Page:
California County to Gather Input on Behavioral Health Innovations

Sutter-Yuba Behavioral Health is seeking feedback on a proposed innovation project involving a mobile, field-based engagement team – the team would go to individuals in need of behavioral health care instead of them having to go to the agency.

by Ruby Larson, Appeal-Democrat / April 18, 2019
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(TNS) — California's Sutter-Yuba Behavioral Health will host four public meetings regarding a proposed behavioral health innovation project.

The Mental Health Services Act – also known as Proposition 63 – was passed by California voters in 2004 to expand mental health services for children and adults, according to a press release. The act is funded by a 1 percent tax surcharge on personal income of more than $1 million per year and provides money to counties to fund mental health programs.

“The goal is to transform the public mental health systems in ways that make it easier to access behavioral health care services, increases information available to the community about behavioral health conditions and how to access services and decreases the stigma of accessing behavioral health care,” said Sarah Eberhardt-Rios, Health and Human Services branch director for acute psychiatric and forensic services.

Funding from the act is organized into five categories – community services and supports, prevention and early intervention, innovation, and workforce education and training, and capital facilities.

Eberhardt-Rios said Sutter-Yuba Behavioral Health is seeking feedback on a proposed innovation project involving a mobile, field-based engagement team – the team would go to individuals in need of behavioral health care instead of them having to go to the agency.

The people the mobile team would meet with would be those who have been recently hospitalized or had an emergency psychiatric service, but are having a difficult time following up, she said.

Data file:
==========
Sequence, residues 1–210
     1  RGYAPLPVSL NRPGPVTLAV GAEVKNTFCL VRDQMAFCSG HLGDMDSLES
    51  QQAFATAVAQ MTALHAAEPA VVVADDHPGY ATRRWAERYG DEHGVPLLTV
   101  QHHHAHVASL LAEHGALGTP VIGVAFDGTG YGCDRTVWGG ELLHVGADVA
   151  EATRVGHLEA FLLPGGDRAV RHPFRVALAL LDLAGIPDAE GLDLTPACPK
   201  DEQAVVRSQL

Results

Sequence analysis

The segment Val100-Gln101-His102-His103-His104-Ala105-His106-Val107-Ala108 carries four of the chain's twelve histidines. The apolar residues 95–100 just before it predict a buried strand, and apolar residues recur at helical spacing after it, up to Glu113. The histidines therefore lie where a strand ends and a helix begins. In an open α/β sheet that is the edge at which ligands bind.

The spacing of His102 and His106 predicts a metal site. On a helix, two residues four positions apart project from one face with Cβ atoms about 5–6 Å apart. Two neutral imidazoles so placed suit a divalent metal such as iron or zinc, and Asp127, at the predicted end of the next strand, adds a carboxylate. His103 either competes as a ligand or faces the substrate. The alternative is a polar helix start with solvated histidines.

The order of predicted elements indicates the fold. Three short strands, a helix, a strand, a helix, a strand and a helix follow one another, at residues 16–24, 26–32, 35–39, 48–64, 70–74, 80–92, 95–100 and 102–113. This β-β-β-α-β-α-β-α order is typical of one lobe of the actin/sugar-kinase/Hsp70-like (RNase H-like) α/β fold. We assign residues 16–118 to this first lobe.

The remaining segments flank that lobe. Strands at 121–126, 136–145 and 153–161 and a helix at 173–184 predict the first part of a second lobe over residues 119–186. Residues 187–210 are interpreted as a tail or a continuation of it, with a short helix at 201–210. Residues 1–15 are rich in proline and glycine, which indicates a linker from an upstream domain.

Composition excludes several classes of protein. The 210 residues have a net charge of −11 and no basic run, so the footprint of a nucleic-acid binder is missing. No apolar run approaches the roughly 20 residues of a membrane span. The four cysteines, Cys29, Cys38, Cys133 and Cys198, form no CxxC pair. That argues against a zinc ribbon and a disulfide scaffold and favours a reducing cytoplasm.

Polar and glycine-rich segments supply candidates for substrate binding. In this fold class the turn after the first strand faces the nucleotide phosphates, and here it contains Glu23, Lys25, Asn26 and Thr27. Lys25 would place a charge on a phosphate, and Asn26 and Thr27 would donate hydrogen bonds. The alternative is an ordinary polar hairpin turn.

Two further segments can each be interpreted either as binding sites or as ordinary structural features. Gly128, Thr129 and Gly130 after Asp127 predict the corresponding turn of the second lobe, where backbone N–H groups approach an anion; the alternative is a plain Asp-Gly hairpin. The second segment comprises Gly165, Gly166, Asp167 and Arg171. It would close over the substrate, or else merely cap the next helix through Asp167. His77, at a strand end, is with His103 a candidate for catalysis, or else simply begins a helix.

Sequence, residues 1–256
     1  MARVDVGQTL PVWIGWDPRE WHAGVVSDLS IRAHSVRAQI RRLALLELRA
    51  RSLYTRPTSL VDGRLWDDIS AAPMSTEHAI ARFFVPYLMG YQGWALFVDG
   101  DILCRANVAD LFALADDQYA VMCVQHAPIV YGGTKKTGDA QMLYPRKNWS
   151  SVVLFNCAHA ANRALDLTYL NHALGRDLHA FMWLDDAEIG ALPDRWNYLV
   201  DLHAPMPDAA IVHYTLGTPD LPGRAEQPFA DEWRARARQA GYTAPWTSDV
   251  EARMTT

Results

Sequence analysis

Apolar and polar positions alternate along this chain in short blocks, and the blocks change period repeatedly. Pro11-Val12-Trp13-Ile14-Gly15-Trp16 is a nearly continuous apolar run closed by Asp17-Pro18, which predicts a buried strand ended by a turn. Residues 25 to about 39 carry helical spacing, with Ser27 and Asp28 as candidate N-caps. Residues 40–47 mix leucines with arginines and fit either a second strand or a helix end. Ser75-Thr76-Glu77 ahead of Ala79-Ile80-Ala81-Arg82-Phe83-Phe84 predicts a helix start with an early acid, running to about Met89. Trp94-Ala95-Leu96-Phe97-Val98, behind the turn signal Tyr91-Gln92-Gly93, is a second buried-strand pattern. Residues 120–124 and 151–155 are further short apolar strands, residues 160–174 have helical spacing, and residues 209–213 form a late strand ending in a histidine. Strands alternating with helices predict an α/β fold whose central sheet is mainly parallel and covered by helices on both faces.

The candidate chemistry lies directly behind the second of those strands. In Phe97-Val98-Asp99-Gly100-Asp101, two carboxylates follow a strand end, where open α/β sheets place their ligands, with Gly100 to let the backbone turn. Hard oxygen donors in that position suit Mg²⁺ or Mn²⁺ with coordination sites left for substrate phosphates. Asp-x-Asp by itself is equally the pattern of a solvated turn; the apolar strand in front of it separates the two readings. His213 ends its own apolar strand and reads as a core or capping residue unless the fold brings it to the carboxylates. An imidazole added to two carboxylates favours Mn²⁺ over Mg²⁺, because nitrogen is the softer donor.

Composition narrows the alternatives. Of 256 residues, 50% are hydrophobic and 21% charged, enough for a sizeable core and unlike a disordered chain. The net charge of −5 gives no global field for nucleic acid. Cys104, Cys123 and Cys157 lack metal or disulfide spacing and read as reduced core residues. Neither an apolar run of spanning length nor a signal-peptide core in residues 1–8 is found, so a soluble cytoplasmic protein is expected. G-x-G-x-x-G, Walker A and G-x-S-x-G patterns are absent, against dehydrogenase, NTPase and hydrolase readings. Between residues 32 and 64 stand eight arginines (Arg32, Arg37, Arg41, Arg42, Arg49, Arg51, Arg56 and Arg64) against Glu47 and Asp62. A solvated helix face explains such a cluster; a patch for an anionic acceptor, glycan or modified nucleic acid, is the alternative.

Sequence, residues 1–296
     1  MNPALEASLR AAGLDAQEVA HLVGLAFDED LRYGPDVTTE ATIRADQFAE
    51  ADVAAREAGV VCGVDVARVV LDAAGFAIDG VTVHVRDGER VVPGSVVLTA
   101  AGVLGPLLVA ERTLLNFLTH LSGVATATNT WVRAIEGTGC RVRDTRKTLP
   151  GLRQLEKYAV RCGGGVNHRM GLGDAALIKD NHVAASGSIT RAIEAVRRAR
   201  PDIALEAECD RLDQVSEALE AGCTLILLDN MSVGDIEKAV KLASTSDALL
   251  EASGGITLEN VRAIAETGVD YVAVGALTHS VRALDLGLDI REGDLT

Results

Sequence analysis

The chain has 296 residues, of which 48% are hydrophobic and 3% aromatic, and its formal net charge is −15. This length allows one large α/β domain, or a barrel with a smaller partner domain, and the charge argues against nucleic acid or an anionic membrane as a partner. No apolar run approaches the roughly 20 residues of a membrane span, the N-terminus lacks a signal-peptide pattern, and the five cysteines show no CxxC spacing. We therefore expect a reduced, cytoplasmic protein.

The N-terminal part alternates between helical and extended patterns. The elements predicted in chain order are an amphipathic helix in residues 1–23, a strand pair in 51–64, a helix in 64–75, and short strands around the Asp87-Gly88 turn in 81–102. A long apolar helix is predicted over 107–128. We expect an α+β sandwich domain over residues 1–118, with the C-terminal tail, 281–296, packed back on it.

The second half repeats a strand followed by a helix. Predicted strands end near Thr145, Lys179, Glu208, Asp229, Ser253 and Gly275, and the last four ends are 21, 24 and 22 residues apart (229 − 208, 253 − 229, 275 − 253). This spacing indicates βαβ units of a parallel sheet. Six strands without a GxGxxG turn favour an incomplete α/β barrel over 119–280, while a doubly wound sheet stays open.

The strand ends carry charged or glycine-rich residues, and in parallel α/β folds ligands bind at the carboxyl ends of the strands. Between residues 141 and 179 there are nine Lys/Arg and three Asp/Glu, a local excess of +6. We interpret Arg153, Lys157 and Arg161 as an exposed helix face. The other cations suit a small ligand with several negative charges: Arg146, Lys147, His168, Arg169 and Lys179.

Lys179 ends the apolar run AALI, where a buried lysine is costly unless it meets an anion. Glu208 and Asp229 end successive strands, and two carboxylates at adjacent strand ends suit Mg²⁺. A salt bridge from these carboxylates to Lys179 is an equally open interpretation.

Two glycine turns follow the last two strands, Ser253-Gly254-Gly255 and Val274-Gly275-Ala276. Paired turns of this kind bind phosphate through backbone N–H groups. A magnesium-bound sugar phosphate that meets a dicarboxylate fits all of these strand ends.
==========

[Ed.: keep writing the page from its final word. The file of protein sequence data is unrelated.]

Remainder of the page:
“This team would be focused on folks that have trouble connecting with outpatient care,” Eberhardt-Rios said.

She said innovation projects must meet at least one of three conditions: introduce a new mental health practice or approach; make a change to an existing mental health practice or approach (such as adaptation for a new setting or community); or apply to the mental health system a promising community-driven practice or approach that has been successful in a non-mental health context or setting.

The proposed project also includes a training component that would be available to community members.

This portion would be funded under the prevention and early intervention funding of the Mental Health Services Act – and would be offered at no cost to the community, Eberhardt-Rios said.

“The training would focus on recognizing and responding effectively to early signs of mental illness and how to access services,” she said.

The trainings would be open to people in Sutter and Yuba counties, employers, law enforcement, college students, etc.

“Really anyone who is interested in attending a training could do so,” Eberhardt-Rios said.

She said, based on current projections, they expect that $4.8 million in innovation funding will be available for the proposed project over a five-year period (through June 2024).

“Funding is based on availability and fluctuations in tax payments can impact projects and available funding,” Eberhardt-Rios said.

The meetings that Sutter-Yuba Behavioral Health will host will include a brief overview of the Mental Health Services Act, what innovation funding is, what it can be used for and what it can’t, a description of the proposed innovation project, time to discuss and have attendees give their opinions on the proposal, what the next steps are for the plan and the required approval processes.

“We believe that hearing from the community about behavioral health care, what’s needed, where we do well and what we need to improve is one of the most important things we can do,” Eberhardt-Rios said. “One of the best ways for us to do that is to hold community meetings the community members can attend and share with us their ideas and thoughts.”

Under the Mental Health Services Act, Sutter-Yuba Behavioral Health is required to get community feedback through meetings for programs funded by the act.

Currently, the project is in the development phase but, based on feedback, is planned to be finalized and posted online for review in May, Eberhardt-Rios said.

Following the meetings and the finalization of the project proposal, it will be posted online for 30 days and the public can view it and further comment on it, she said.

If no substantive changes are made to the proposal, it will be reviewed by the Board of Supervisors and if approved, Sutter-Yuba Behavioral Health will present it to the state’s Mental Health Oversight and Accountability Commission.

Eberhardt-Rios said not all projects have to be taken to the commission, all innovation projects are required to be reviewed by it before the county can implement them.

For more information, contact Peter Sullivan, Mental Health Services Act coordinator for Sutter-Yuba Behavioral Health, at 822-7327, ext. 216, or psullivan@co.sutter.ca.us.

©2019 the Appeal-Democrat (Marysville, Calif.). Distributed by Tribune Content Agency, LLC.

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